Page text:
Japanese Mobile Gaming Giant DeNA Goes Global With iPhone Social Network MiniNation

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Japan has two listed mobile gaming companies with a multi-billion US-dollar market capitalization, GREE ($2.7 billion) and DeNA ($4.2 billion), with both companies offering services in Japan only. But DeNA just yesterday rolled out MiniNation on the App Store, a social network for the iPhone based around games and avatars that targets a global audience.

MiniNation started out with a total of four (free) games in English [iTunes link], all of which are based on popular titles found on DeNA’s Japanese social gaming portal, Mobage-town (which boasts 18 million members). The avatar system is already in place, and according to DeNA, the first four games (Bandit Nation, Mini Solitaire, Mini BalloonHunt and Mini NumberPlace) are just the beginning.

MiniNation allows users to exchange mails, post messages on each other’s walls, create communities, befriend others etc. It’s also integrated with the OpenFeint platform for iPhone games (DeNA owns a 20% stake in OpenFeint provider Aurora Feint).

So far, so good, but it looks like DeNA is too late to make a real impact on the AppStore. MiniNation itself looks pretty slick, but the first batch of titles won’t be enough to get too many iPhone users excited, I’m afraid.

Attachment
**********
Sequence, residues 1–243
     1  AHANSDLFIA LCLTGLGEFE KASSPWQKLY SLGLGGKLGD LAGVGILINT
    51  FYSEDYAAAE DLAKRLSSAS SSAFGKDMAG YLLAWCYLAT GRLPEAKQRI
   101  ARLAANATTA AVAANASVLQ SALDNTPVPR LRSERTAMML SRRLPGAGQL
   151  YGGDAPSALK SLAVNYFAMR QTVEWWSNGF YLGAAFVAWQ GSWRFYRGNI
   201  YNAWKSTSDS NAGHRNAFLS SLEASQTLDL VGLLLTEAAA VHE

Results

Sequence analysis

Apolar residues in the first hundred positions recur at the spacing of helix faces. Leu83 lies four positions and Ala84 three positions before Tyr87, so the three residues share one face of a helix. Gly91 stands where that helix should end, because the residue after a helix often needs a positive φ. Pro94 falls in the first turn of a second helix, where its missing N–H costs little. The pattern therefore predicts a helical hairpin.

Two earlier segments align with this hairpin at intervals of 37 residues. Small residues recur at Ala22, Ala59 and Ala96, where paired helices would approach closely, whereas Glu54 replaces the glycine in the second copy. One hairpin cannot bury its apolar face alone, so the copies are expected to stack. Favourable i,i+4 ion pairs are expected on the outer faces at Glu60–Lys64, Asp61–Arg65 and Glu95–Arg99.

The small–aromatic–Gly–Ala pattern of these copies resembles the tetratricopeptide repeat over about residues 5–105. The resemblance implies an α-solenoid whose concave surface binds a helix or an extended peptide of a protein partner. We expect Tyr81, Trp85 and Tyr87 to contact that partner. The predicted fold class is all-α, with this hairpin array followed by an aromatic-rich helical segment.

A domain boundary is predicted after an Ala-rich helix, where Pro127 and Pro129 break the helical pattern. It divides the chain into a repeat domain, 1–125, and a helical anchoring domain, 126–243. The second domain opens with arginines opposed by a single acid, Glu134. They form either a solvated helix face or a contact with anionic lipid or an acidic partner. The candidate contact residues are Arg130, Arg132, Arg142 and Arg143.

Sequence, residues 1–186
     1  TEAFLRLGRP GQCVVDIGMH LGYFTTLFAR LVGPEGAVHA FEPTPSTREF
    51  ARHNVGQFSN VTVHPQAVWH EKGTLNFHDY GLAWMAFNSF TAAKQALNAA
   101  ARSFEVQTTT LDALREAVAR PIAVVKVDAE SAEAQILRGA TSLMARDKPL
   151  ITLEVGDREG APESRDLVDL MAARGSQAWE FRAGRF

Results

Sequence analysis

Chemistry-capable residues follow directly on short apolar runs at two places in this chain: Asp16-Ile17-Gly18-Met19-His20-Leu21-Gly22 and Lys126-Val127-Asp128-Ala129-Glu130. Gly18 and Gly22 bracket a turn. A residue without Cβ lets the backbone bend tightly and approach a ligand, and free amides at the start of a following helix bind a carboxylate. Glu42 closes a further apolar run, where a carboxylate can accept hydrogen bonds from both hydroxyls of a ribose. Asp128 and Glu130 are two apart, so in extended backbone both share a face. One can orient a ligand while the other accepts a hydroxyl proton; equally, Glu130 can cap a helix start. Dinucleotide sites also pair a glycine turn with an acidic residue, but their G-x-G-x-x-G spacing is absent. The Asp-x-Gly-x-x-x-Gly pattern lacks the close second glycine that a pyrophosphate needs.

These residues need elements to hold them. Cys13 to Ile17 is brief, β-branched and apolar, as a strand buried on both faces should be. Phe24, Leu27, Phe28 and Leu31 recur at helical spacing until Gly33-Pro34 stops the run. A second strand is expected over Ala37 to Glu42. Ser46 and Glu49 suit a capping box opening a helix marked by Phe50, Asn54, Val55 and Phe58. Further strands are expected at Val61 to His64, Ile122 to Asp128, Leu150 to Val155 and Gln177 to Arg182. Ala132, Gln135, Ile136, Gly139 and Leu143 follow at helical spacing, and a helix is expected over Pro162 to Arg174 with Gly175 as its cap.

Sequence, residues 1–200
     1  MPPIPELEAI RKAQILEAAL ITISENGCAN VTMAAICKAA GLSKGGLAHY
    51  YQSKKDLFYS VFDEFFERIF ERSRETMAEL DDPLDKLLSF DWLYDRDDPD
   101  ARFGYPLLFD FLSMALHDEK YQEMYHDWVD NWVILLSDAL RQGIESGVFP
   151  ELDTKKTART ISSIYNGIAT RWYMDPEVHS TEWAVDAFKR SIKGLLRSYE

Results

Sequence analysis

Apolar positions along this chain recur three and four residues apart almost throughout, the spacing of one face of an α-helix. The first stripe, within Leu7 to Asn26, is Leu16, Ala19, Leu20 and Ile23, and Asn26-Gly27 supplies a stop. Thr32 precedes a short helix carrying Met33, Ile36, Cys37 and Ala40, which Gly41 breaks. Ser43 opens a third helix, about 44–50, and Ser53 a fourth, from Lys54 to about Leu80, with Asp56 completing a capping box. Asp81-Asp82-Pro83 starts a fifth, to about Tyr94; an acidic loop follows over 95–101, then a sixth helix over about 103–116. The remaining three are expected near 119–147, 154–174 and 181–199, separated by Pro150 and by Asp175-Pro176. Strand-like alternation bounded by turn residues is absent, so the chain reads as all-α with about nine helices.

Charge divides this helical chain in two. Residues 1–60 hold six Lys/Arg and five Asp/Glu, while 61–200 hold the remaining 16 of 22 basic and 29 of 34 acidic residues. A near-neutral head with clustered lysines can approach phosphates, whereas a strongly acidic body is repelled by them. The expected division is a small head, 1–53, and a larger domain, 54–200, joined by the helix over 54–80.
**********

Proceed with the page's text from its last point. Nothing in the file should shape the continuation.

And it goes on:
An action puzzler (BalloonHunt), a Sudoku game (Number Place), Solitaire and a Mafia Wars look-alike (Bandit Nation, which is very popular in Japan) playable in a social network environment would have been maybe great 1.5 years ago, but now? (Even though I have to admit I’m personally enjoying BalloonHunt and Bandit Nation so far.)

DeNA also has plans that call for sales of avatar-related and other virtual items to be introduced in the future. But the company will have to start offering fresh titles that weren’t originally designed for Japanese “feature phones” years ago to appeal to international users, especially considering the App Store counts tens of thousands of games already.

And then there’s the quality of the English in-game translations DeNA has come up with. For example, asking users after finishing a level on BalloonHunt “Is the ranking transmitted?” (instead of “Share your score online?”) is just embarrassing for such a large company. There are more examples (the “help” section in NumberPlace is even worse language-wise).

DeNA’s US subsidiary DeNA Global is still running MobaMingle, another “global/non-Japanese” mobile social network for feature phones we last covered back in December 2008.


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